To close the a-side of The Beach Boys Today!, the group includes another straight-forward dance song. And just to be sure you got the message, they titled it three times: “Dance, Dance, Dance”. In many ways, it feels like the band trying to create another hit in the same vein as “I Get Around”, and while it never reached number one, it was a sizable top 10 hit for the group at the end of 1964. But like so many of their fun, up-tempo songs, “Dance, Dance, Dance” is surprisingly sophisticated.
The guitar-driven song—with a killer riff contributed by Carl Wilson, earning him his first songwriting credit on a Beach Boys single—was first recorded in Nashville while the band was on tour in 1964. Unhappy with the original arrangement, they re-recorded the track in L.A. a few weeks later with additional studio musicians, some new lyrics, and a surprising key change. Even more so than the updated version of “R(h)onda”, the second attempt of “Dance, Dance, Dance” was a necessary improvement.
The new arrangement starts off with the main riff performed on the bass before getting doubled by Carl’s 12-string guitar and an acoustic guitar played by session musician, future touring Beach Boy (and famously rhinestoned cowboy) Glen Campbell. Following a very short verse sung by Mike Love, the full band comes in for the chorus, which is led by Brian Wilson’s soaring falsetto and rhythmic harmonic chanting from the rest of the group. Throughout the track, Brian has session drummer Hal Blaine add Phil Spector-esque percussion with sleigh bells, tambourine, castanets, and triangle. Subtle touches of saxophones and accordion pad the buildup in the chorus. They’re almost too low in the mix to even hear, but they add a thickness to the already loud three-guitar arrangement. Much like “When I Grow Up (To Be a Man)”, this song really shows off the Beach Boys as instrumentalists. Despite being joined by some studio players, it’s Carl’s 12-string playing, especially his solo, and Dennis Wilson’s ecstatic drumming that are the real driving forces behind the song.
The most exciting change from the original version, which was later released as a bonus track for the The Beach Boys Today!/Summer Days (And Summer Nights!!) twofer CD, is the key change in the final verse. It was not uncommon for a Beach Boys song—or any pop song—to raise the key for the last chorus. It adds excitement and interest, keeping the track from getting too repetitive. But on “Dance, Dance, Dance”, Brian chooses to spontaneously move up a half-step right in the middle of the verse. After the first phrase of the third verse, the band modulates up, finishes the next phrase, and enters the chorus in the new key. It happens so suddenly that you barely have time to notice how unusual it is before you’re already back in the chorus singing along.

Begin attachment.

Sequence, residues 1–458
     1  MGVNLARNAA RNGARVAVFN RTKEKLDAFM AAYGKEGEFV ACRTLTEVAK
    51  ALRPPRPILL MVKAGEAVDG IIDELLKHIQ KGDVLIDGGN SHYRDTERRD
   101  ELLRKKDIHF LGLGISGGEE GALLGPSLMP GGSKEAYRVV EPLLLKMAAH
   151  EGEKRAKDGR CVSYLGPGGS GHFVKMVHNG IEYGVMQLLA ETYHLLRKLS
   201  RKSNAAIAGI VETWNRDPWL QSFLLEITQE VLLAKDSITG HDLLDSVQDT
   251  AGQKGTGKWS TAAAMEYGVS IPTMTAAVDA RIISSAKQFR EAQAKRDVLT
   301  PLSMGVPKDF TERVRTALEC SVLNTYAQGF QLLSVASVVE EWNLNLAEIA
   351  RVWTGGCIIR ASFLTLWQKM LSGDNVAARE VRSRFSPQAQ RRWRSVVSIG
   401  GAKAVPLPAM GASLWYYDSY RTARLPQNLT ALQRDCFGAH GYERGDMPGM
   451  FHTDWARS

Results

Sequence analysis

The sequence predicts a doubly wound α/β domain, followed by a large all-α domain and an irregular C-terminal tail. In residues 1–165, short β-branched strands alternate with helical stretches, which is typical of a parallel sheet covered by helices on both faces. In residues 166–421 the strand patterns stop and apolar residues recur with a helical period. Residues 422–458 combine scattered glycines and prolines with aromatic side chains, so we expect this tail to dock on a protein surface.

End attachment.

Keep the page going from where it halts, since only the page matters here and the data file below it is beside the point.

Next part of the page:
The lyrics here are certainly simple; each verse is only two lines long and the chorus is mostly just the word “dance”. But conceptually, there’s more going on underneath the surface. It’s a song about trying to escape the pains of reality through music and dancing. School’s too hard? Turn up the radio. Feeling down? Grab a “chick” and turn up the radio. Faced with existential dread? That’s right: turn up the radio. The chorus makes it clear how imperative this hedonistic escapism really is. They don’t sing “I wanna dance”, they sing “I gotta dance”. And for adolescents, this isn’t necessarily hyperbole. With overwhelming emotional stress, the chance to get out to the “weekend dance” can really feel life or death. It makes sense then that the word “dance” is repeated 72 times throughout the song. It’s as if by singing it over and over again they can make everything else disappear. It helps too, of course, that music is so perfect for actually dancing while they sing about dancing.
Side A of The Beach Boys Today! was an important step for the band. With songs like “Don’t Hurt My Little Sister” and “Dance, Dance, Dance”, the band members showed that they could add depth to their seemingly straightforward and fun pop songs, while the bizarre and unusual “When I Grow Up (To Be a Man)” and “Help Me, Ronda” proved that their experimentation could still be accessible. But it’s on Side B that we’ll really see Brian Wilson stretch his wings as a songwriter and an arranger.
// Sound Affects
"Sharon Jones and Woodie Guthrie knew: great songs belong to everybody.READ the article